Controversial berm cut down to size

Land shaved to five feetBy DENNIS WILKEN

TGI Staff Writer

KILAUEA — There’s been a leveling of intensity in the

controversial berm issue surrounding a site north of Kuhio Highway and just

south of old Kilauea town.

The property, owned by James Pflueger, was

bounded, behind existing shrubbery, by a large berm that drew the ire of North

Shore community activists.

But as of Monday, the berm, which blocked ocean

views from the highway, was being graded back down to the five-foot height

approved by the Kaua’i County engineer’s office in a grading permit earlier

this year.

In a letter dated July 20, deputy county engineer Ian K. Costa

told Pflueger that the berm did not correspond to the approved drawings, in


* They show a setback of 10 feet from the toe of the berm to the

property line, whereas the actual toe of the graded berms is located at the

property line with little or no setback.

* And the approved drawings show a

maximum height of five feet for the proposed berms, whereas the actual height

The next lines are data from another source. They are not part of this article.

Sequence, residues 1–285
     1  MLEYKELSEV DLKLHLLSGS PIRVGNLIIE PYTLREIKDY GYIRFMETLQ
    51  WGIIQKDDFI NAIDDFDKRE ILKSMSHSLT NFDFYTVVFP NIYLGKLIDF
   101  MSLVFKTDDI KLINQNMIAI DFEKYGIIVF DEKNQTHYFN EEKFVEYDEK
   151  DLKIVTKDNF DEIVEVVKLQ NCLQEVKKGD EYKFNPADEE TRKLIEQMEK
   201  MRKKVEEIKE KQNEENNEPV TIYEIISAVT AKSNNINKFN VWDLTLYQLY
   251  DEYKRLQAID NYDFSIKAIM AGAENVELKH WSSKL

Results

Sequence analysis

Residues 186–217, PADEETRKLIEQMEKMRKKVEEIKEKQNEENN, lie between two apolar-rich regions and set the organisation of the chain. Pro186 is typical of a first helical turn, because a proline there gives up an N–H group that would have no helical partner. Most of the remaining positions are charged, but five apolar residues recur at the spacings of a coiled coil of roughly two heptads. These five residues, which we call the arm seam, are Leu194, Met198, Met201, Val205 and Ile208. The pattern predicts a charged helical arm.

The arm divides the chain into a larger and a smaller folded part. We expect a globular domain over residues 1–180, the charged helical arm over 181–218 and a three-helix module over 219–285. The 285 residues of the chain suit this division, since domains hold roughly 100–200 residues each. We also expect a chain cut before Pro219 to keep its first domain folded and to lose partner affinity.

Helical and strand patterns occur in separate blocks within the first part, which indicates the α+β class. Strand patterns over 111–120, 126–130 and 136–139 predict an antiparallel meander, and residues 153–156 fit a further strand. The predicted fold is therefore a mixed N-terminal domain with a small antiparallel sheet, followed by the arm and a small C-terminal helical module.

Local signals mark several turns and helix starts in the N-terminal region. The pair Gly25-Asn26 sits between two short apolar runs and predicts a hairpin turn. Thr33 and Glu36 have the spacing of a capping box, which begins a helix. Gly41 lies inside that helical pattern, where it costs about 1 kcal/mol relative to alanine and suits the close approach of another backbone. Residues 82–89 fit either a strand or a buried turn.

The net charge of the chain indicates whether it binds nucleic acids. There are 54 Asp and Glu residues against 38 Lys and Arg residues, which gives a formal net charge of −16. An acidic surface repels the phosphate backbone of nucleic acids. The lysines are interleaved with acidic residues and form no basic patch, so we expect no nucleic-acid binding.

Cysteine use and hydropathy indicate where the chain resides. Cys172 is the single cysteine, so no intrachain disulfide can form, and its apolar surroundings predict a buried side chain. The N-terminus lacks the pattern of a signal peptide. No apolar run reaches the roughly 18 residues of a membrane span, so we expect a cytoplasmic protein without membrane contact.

of the constructed berms ranges from a minimum of five feet to a maximum of 12

to 15 feet.

Further, Costa advised that either the permit drawings would

“need to be amended to reflect conditions at the project site, or the site

conditions will need to be corrected to match the approved drawings.”


addition, Costa advised Pflueger that the minimum setback for higher berms is

six feet, and to deviate from that would require approval from abutting


Pflueger could not be reached for comment. But if actions speak

louder than words, it appeared Monday that he was reshaping the berms and

setbacks to match the permit he applied for months ago.

The grading permit

fee for the project, as approved, was $1,400. But, according to Costa’s letter,

the much larger berms would have required a fee of $25,000.


writer Dennis Wilken can be reached at 245-3681 (ext. 252) and

A bulldozer shaves off the top of the Kilauea

berm that blocked the view of the ocean from the highway.


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